Positive signs for the economy have increased hopes of improving trading conditions in 2017. This is according to research undertaken for the South African Council of Shopping Centres (SACSC) by Christo Luüs of Ecoquant.
This cautiously confident outlook is supported by the Reserve Bank’s business cycle indicator, which points to some improvement lined up for 2017.
Among the positive influences, the SACSC Economic Brief lists the respite in the violent and destructive student protests, an unchanged credit risk ratings by Fitch and Moody’s albeit with a negative outlook from the former, and political developments which could lead to an improvement, over time, for the prospects of a reduction in corruption and ‘state capture’ activities.
Even so, it cautions that formidable obstacles to generating sustained high levels of economic growth remain the declining levels of fixed capital formation together with a growing public sector and very little attention to the plight of small businesses, which add up to negative prospects for improved employment conditions.
Commenting on the research, Amanda Stops, CEO of SACSC, says: “The SACSC economic brief highlights the direction the overall economy is taking and how this impacts retail and consumers. It adds to the useful and growing body of knowledge we commission and compile to guide and inform our members.”
The research brief quotes the latest EY/BER Retail Survey, which shows that conditions in the retail sector improved during the third quarter of 2016 after a sharp deterioration in the second quarter. This survey revealed that a total of 43% of retailers reported being satisfied with prevailing conditions which was up significantly from 26% in the previous period.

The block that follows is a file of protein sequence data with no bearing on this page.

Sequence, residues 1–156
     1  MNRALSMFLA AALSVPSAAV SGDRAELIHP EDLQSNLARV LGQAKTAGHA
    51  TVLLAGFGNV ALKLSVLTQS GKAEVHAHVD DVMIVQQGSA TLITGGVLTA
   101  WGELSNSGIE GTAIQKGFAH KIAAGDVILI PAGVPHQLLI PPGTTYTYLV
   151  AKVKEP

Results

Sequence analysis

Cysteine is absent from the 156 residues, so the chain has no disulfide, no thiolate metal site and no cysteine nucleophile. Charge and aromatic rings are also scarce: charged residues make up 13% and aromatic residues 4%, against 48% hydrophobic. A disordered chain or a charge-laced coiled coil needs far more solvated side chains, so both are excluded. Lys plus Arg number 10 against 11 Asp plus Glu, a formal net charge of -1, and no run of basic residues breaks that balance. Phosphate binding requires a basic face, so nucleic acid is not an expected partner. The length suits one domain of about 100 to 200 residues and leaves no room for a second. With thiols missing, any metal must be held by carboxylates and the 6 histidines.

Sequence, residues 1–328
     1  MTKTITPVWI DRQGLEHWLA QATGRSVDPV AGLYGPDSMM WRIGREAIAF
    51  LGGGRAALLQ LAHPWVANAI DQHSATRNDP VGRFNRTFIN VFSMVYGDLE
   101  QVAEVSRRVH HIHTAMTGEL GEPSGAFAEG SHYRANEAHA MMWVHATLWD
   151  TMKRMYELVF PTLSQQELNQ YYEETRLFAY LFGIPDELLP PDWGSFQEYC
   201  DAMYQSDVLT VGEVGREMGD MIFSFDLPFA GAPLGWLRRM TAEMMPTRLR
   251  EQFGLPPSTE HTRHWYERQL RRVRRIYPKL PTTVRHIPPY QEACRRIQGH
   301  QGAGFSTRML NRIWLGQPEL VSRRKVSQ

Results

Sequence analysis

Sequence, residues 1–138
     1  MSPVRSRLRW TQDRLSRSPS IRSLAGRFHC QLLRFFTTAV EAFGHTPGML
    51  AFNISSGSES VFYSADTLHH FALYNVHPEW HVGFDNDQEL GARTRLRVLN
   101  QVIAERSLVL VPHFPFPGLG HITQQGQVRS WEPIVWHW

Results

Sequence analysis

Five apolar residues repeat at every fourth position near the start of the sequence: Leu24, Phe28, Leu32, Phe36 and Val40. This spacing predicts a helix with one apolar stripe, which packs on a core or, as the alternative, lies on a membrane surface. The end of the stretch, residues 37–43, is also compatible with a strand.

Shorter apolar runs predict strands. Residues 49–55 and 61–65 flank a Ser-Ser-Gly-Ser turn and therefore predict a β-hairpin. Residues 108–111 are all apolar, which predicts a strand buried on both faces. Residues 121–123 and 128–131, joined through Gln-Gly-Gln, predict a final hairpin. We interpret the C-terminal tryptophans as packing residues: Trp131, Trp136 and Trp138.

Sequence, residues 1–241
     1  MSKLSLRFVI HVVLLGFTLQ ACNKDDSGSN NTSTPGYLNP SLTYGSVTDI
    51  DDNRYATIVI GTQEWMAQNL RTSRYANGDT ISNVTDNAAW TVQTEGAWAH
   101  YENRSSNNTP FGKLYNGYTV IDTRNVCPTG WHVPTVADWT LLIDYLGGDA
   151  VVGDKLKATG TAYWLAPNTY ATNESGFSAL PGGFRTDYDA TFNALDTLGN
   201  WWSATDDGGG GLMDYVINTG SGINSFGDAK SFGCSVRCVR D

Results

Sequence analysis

“Improved conditions were most notable in the non-durable goods category, signposting that people seem to be switching spend away from the durable and semi-durable sectors,” says Luüs in the SACSC Economic Brief.
He points out that consumers’ real disposable remains under pressure, while high food price inflation is causing them to reprioritise spending on essentials. As a result, retail sales volume growth has slowed over recent months.
Luüs notes: “Weak underlying consumer demand is flagged by weak job creation, slow disposable income growth, slowing credit extension and low consumer confidence levels”.
He adds: “As retail sales inflation continue to rise, consumers’ purchasing power will be eroded.”
These factors point real spending growth remaining subdued in the fourth quarter of 2016 and early months of 2017. This also implies difficult trading conditions over the festive season.
“Growth in sales of discretionary items is expected to show further weakness in the early months of 2017, while growth in the sales of essential items is likely to slow,” says Luüs. “Durable goods consumption may show somewhat stronger growth off a very low base.”
The SACSC research indicates that real household consumption expenditure growth in 2017 is forecast to amount to 1.7% compared with the estimated growth of 1.2% which will be recorded in 2016.
Semi-durable goods – mostly clothing and footwear – could experience an increase of only some 1.0% year-on-year in real terms in 2017, while durable goods expenditure – including furniture, appliances and private vehicles – could rise by around 1.5%. Growth of spend on non-durables is expected to amount to 0.5% year-on-year.